SACRAMENTO -- The state's political watchdog agency is formally opening a probe into who was behind the shadowy $11 million donation to a business group that ran campaigns against Gov. Jerry Brown's tax-hike proposal and for a measure that would have curbed labor's political treasuries.
The investigation, which begins Thursday, will look into communications between the Arizona nonprofit group, Americans For Responsible Leadership, and two other conservative groups through which the $11 million passed in a political money laundering scheme.
"These are the ones we know exist," said Ann Ravel, chairwoman of the state Fair Political Practices Commission. "But it does not preclude our ability to investigate others we come across."
The campaign contribution originated with the Americans for Job Security, which passed it to the Center to Protect Patient Rights, which then secretly handed it off to the Americans for Responsible Leadership. That group donated the $11 million to the Small Business Action Committee, the California PAC that ran the two ballot measure campaigns.
Details of the transactions did not come to light until the state Supreme Court forced the groups to reveal themselves the day before the election. Brown's measure, Proposition 30, ultimately prevailed, and the anti-union measure, Proposition 32, failed.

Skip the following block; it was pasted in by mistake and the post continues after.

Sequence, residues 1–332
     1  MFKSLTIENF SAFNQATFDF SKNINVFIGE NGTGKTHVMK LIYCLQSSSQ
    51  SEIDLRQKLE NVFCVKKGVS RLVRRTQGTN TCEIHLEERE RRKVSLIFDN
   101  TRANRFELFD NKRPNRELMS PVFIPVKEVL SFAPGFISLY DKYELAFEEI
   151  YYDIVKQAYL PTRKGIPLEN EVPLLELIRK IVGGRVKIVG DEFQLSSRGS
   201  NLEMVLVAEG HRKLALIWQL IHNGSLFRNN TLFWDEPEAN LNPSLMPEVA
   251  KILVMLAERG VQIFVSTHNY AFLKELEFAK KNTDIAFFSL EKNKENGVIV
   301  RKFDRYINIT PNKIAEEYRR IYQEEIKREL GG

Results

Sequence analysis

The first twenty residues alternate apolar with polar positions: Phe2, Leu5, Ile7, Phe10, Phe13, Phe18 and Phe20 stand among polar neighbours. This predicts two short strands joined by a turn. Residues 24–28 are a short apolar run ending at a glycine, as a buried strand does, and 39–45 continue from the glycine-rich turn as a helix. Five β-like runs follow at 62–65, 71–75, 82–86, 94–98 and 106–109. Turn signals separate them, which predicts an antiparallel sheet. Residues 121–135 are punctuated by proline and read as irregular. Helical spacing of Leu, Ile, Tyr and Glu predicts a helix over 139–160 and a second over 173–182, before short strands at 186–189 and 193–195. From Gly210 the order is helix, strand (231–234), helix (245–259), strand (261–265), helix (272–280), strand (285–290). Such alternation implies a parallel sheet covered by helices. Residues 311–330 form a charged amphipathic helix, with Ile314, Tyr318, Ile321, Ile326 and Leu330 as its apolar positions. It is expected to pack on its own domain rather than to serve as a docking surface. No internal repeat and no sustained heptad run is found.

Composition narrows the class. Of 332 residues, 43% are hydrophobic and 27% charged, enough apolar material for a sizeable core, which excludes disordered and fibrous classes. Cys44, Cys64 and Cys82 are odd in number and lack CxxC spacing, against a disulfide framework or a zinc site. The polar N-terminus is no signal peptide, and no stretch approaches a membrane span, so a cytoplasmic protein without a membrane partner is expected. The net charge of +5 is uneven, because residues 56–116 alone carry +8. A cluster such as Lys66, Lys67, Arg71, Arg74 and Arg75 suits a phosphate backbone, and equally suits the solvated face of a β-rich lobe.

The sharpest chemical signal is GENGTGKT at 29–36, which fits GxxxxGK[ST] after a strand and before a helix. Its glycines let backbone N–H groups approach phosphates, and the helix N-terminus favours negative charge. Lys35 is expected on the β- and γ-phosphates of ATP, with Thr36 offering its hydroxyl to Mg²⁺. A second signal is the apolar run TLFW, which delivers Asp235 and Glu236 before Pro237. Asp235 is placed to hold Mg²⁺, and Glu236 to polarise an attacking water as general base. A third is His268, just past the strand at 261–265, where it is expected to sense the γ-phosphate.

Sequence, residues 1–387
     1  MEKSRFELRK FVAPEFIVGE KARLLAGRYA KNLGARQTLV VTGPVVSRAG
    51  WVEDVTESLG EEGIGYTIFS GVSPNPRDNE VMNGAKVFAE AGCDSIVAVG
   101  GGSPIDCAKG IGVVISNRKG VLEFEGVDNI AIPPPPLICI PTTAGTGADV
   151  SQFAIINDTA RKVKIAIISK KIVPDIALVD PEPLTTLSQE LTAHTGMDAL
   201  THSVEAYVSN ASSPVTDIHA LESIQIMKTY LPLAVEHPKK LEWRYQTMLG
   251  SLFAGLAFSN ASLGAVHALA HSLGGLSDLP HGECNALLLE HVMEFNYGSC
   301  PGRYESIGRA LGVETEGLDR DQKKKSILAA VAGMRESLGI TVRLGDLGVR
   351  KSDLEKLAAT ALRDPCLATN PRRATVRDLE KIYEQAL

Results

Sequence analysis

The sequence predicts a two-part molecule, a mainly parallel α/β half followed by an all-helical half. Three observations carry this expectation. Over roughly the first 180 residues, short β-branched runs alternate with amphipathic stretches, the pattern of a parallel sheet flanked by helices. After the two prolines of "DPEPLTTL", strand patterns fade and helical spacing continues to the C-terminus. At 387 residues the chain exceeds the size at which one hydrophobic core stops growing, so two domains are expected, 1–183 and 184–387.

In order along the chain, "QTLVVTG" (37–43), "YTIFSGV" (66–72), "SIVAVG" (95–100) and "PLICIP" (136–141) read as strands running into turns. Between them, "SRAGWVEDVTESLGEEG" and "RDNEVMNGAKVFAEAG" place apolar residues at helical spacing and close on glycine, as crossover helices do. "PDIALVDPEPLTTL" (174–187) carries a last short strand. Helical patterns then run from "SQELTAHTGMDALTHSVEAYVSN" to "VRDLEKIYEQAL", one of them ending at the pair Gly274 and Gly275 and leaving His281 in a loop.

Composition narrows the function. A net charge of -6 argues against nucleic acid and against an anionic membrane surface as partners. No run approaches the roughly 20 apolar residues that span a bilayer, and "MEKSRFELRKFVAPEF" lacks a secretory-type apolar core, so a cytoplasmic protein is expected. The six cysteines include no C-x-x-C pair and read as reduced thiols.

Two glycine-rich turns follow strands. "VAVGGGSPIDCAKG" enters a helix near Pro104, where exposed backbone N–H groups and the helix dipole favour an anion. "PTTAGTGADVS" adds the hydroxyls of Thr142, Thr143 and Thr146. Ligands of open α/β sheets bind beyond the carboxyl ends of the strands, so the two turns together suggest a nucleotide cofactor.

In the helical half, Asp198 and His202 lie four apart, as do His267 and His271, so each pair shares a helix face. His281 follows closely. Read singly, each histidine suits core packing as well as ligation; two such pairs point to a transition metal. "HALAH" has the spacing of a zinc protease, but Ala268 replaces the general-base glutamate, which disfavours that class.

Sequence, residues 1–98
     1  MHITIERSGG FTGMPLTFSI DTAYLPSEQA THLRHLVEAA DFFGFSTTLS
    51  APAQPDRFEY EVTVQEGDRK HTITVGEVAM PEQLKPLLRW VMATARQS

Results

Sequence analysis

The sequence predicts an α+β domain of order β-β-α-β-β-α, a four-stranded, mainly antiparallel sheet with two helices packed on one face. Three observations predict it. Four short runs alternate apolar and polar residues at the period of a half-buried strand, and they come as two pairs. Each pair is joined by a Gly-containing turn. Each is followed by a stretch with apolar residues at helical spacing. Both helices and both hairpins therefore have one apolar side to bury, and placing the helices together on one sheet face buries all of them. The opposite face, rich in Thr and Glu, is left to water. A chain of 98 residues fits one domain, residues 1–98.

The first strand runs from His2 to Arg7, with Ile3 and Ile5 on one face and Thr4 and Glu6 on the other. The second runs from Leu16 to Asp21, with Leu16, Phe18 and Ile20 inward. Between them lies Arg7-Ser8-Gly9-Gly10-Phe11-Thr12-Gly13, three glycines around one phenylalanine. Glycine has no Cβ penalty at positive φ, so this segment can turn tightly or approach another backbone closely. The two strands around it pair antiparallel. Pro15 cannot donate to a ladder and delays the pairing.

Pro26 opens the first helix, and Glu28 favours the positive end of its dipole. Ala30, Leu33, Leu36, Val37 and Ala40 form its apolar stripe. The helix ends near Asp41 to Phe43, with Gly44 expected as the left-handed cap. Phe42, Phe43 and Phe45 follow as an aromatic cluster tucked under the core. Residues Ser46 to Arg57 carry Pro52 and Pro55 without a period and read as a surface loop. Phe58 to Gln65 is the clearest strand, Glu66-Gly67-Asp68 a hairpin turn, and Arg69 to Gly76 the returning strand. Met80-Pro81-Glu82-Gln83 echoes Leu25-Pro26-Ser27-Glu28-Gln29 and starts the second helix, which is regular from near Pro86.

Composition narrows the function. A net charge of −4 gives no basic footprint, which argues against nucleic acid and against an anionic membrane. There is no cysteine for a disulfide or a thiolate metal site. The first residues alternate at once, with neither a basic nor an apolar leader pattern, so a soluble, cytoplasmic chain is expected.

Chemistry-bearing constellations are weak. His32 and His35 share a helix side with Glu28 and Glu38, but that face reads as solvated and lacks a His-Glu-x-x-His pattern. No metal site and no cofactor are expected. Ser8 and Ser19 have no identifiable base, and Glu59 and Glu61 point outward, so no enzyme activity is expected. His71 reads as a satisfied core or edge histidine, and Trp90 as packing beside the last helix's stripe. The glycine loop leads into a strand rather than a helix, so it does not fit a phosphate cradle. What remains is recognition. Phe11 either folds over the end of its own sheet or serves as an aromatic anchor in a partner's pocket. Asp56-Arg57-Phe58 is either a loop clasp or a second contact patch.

Ravel said she wants to know who donated to the groups.
All three groups could see fines totaling $33 million,
Beth Miller, spokeswoman for the business action committee, said her group has "fully complied with all disclosure requirements" but will "certainly cooperate completely with the investigation."
The fines would go to the state's general fund.
The two groups, Americans for Job Security and the Center to Protect Patient Rights, are part of a web of so-called dark donors who operate largely out of public view, shielded by their status as nonprofit advocacy groups supposedly not primarily involved in politics.
One has ties to David and Charles Koch, the billionaire brothers who have played a huge role in spreading anonymous political cash around the country. The other has ties to GOP uber-strategist Karl Rove, whose American Crossroads Super PAC spent $300 million in campaigns this year.
Americans for Job Security has been described by the nonpartisan Center for Responsive Politics as "pro-Republican," "pro-business" and "established to directly counter labor's influence." It was founded in 1997 by Michael Dubke and David Carney, two GOP strategists who also formed Crossroads Media, which runs advertising for American Crossroads, Rove's Super PAC.
The Center to Protect Patient Rights, also based in Arizona, is run by Sean Noble, an operative of the Koch brothers, who are worth a combined $50 billion, according to Forbes.
Noble, a GOP strategist, was hired in 2010 to coordinate the Koch brothers' distribution of millions of dollars to dozens of entities. He has been a member of a group, called the Weaver Terrace Group -- dubbed Rove's "Fight Club" -- that meets regularly to plot campaign financing strategies.